Example A. Volume of a Hypersphere Inscribed in a Hypercube.
Consider the hypercube and an inscribed hypersphere with radius . Then the fraction of the volume of the cube contained in the hypersphere is given by:
At higher dimensions, the center of the cube becomes less important. As the dimension increases, the volume of the hypercube concentrates at its comers! In other words, less and less volume is captured inside the hypersphere!
% Workspace Initialization. clc; clear; close all;
a = 5; % a is the Radius of Hypersphere = 1/2*Hypercube Edge. NumOfRuns = 50000; % Number of Monte Carlo runs. Dimensions = 2:10; % Dimensions visited. LD = length(Dimensions); counter_inside = zeros(1,LD); counter_outside = zeros(1,LD); for i=1:LD dim = Dimensions(i); for k=1:NumOfRuns ndUniformSamples = 2*a*(rand(1,dim)-0.5); % generate uniform samples in [-a, a]^d. % Measure how many points fall inside or outside of the inscribed hypersphere: if sum(ndUniformSamples.^2)<a^2 counter_inside(i) = counter_inside(i) + 1; else counter_outside(i) = counter_outside(i) + 1; end end end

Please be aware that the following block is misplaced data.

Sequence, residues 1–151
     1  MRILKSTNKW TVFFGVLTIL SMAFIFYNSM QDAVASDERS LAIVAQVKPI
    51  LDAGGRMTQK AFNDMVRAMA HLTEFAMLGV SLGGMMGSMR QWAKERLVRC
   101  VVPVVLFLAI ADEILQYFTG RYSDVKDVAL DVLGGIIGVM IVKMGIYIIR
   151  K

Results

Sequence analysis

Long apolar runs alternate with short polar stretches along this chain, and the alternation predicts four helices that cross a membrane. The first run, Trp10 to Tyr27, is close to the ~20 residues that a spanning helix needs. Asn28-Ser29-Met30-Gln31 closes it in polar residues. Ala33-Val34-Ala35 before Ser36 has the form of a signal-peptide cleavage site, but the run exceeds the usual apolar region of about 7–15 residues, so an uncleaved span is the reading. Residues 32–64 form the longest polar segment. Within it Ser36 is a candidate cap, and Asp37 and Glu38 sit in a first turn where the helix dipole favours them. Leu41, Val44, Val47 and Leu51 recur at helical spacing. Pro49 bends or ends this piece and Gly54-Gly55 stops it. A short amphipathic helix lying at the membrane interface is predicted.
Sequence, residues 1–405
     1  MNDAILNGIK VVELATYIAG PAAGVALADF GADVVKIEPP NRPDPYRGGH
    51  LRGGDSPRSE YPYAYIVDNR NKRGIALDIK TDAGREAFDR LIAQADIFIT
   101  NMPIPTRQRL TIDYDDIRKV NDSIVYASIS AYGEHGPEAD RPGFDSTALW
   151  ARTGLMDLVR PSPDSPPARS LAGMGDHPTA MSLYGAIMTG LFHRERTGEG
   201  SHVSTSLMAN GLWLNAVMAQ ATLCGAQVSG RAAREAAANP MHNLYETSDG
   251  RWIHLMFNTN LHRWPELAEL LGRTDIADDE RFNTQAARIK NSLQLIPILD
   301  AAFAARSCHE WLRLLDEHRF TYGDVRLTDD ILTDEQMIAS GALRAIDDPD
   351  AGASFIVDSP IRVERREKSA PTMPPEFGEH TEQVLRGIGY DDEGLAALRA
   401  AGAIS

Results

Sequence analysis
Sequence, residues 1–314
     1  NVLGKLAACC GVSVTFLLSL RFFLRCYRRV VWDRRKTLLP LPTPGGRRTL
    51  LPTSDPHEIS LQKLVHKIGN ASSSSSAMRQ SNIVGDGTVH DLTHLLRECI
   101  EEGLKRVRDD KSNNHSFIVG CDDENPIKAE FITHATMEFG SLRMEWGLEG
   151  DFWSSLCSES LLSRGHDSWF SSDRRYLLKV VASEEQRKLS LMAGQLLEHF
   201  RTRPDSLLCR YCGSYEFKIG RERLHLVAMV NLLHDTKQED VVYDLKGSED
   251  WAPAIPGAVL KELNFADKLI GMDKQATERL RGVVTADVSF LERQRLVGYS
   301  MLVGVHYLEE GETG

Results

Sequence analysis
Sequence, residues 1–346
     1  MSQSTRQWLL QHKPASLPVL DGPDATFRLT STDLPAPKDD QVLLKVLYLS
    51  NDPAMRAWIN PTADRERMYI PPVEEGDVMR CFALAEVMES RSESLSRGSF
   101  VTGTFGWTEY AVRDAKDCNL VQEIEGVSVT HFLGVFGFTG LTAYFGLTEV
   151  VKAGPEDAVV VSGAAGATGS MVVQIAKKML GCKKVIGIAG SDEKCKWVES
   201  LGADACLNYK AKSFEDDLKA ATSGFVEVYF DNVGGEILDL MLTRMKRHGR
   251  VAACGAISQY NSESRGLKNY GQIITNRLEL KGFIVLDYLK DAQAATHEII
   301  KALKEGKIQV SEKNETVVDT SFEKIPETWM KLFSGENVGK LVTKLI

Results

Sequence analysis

fd = zeros(1,LD); for i=1:LD dim = Dimensions(i); fd(i) = sqrt(pi^dim)/(dim*2^(dim-1)*gamma(dim/2)); end
Plot the value of found by Monte Carlo simulation:
figure(1); stem(Dimensions,counter_inside/NumOfRuns,'*r'); hold on; % Now plot the theoretical value with blue circles: stem(Dimensions,fd); grid on; xlabel('Dimension'); ylabel('Fraction of volume contained in the hypershere f_d'); title('Analytically Calculated (blue circles) and Monte Carlo Estimated (red stars)');
If you like you may plot the complementary value of 1-f_d found by Monte Carlo simulation:
% figure(2); % stem(Dimensions,counter_outside/NumOfRuns,'g*'); % Next plot the theoretical value with cyan circles % stem(Dimensions,1-fd,'c'); % grid on; % xlabel('Dimension'); % ylabel('Fraction of volume outside the hypershere 1-f_d'); % title('Analytically Calculated (cyan circles) and Monte Carlo Predicted (green stars)');